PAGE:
Woman Who Lost Her Period For Years Due To Eating Disorder Is Building Her Family By Eating 'Real Food'

Woman Who Lost Her Period For Years Due To Eating Disorder Is Building Her Family By Eating ‘Real Food’

“This whole process opened my eyes to how individual health and wellness is for everyone.”

An Illinois woman has lost her period after years of disordered eating and over-exercising. Hoping to get pregnant and start a family in a natural and healthy way, she and her husband embarked on a drastic diet overhaul, and in the process, they changed their bodies, their lives, and their futures.

Joelle Kurczodyna, 35, lives with her husband Jim, 36, and their three children on a 5-acre farm in northern Illinois, and they are expecting a fourth child in March.

In an interview with The Epoch Times, Joelle, who holds a degree in dietetics, shared that she had always been “very healthy and active” as a child. But that all changed once she started restricting her diet and exercising more.

“I was never diagnosed, I was just told to take birth control pills to get my cycle back,” she said.

“Early on our journey, it was tempting to just try an infertility pill or treatment that the doctors told me would work. But I knew, deep down, that it wasn’t the best one. option for us. I could have bypassed the hard journey we endured, the weight gain and the wait. But in doing so, we would have missed out on the immense health and growth that Jim and I have experienced.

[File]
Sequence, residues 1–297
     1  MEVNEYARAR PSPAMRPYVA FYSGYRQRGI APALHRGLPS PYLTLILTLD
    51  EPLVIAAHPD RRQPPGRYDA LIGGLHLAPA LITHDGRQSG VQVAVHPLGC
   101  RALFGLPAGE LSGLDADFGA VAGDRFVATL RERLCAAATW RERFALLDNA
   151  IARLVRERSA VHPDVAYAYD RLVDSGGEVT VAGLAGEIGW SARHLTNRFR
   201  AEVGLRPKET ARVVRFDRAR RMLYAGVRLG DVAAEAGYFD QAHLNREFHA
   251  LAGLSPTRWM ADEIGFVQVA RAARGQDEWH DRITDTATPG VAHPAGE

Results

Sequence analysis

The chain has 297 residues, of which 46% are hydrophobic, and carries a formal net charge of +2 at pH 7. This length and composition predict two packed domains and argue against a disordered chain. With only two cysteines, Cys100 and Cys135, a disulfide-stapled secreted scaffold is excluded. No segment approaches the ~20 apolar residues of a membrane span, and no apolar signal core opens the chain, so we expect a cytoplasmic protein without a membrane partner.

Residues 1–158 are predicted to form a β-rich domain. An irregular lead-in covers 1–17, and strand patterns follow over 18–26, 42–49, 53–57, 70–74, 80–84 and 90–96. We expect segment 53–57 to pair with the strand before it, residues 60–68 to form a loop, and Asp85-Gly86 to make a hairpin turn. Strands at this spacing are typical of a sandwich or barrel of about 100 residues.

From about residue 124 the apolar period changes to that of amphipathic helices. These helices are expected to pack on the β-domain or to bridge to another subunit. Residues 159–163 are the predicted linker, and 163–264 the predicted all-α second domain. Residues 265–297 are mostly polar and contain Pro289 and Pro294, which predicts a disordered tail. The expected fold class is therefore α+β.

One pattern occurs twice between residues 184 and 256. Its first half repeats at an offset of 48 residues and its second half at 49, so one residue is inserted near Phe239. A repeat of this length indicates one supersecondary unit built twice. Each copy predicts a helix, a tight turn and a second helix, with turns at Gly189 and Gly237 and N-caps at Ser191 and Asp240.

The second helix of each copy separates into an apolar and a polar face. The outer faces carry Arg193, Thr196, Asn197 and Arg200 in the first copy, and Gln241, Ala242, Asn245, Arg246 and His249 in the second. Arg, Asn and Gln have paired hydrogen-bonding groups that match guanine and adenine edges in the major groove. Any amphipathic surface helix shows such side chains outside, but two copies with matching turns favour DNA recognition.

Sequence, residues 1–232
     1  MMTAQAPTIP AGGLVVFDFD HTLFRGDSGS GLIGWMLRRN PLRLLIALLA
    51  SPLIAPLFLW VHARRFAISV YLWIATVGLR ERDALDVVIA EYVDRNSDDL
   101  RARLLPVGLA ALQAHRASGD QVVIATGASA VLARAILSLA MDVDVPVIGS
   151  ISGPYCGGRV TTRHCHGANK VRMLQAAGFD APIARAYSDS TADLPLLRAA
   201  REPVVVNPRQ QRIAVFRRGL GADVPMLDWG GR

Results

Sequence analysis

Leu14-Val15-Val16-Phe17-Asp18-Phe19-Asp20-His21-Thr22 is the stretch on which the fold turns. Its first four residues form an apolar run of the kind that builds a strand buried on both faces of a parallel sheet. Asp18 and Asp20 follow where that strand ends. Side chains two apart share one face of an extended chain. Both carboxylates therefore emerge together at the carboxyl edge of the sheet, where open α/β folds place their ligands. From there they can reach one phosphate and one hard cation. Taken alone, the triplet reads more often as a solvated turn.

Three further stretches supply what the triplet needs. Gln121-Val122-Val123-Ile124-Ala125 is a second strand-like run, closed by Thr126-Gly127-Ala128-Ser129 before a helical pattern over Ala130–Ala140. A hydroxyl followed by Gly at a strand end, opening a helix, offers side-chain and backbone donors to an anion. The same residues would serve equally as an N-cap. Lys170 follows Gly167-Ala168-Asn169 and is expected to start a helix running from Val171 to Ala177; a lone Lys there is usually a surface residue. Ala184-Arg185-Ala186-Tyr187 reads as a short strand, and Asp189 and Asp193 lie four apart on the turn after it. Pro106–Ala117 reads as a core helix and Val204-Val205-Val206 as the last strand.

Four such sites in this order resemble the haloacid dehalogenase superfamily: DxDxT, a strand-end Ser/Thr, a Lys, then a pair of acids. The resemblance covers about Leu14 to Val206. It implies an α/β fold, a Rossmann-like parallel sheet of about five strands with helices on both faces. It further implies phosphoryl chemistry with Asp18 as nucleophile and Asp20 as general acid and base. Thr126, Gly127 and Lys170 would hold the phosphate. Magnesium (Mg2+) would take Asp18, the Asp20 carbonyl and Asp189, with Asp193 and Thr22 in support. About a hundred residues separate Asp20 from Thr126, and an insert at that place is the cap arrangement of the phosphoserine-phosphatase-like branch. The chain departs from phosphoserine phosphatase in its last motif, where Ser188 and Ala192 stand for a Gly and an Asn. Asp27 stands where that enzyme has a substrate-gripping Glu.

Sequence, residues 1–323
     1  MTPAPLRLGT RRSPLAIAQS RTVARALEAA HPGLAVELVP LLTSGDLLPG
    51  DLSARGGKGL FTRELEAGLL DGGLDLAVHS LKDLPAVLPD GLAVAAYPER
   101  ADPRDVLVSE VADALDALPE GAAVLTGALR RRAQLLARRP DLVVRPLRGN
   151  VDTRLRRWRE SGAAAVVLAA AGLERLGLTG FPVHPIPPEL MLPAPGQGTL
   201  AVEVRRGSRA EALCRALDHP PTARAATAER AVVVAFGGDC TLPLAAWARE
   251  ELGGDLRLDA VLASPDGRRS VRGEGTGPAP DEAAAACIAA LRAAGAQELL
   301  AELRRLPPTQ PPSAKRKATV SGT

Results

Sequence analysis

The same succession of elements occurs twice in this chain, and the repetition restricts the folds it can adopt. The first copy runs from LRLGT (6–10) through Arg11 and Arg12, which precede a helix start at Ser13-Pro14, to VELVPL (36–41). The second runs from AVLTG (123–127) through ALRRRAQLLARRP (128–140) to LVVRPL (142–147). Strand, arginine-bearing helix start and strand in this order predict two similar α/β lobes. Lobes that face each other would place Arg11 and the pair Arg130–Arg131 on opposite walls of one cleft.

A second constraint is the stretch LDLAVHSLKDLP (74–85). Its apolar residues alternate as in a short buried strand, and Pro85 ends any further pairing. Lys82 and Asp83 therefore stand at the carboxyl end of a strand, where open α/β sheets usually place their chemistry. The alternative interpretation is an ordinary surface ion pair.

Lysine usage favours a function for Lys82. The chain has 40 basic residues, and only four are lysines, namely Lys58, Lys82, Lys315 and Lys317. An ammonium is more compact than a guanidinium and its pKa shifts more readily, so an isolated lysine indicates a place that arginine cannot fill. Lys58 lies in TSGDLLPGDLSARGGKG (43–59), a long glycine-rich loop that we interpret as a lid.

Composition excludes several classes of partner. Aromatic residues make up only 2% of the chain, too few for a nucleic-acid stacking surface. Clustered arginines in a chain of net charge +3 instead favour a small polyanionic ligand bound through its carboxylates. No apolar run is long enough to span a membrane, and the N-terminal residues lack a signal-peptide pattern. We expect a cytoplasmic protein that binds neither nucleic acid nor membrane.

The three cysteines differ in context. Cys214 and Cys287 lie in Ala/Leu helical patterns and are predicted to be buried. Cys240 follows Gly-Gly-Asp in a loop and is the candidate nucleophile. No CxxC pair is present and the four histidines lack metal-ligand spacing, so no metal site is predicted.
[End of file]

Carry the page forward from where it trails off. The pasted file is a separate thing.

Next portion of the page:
Joelle began limiting her calorie intake as a teenager and weighed only 100 pounds or less in her early twenties. (Courtesy of From Scratch Farmstead)
Epoch Times Photo
Joëlle with her three children. (Courtesy of From Scratch Farmstead)

Obsessive diet

Joelle, who was once an avid marathon runner, started controlling her calorie intake as a teenager just to shed a few pounds. And before long, his restrictive lifestyle escalated.

“It started innocently,” she said. “From around 16, I started restricting my diet and increasing my physical activity, especially distance running. I was able to easily lose a few pounds, so I kept going. I started being very concerned about counting calories, choosing low-fat and fat-free foods, and running almost every day.

By her early twenties, she had already lost her cycle and weighed around 100 pounds (45 kg) or less. She was constantly cold but had hot flashes at night, her hair was thinner, and she was more irritable and withdrawn.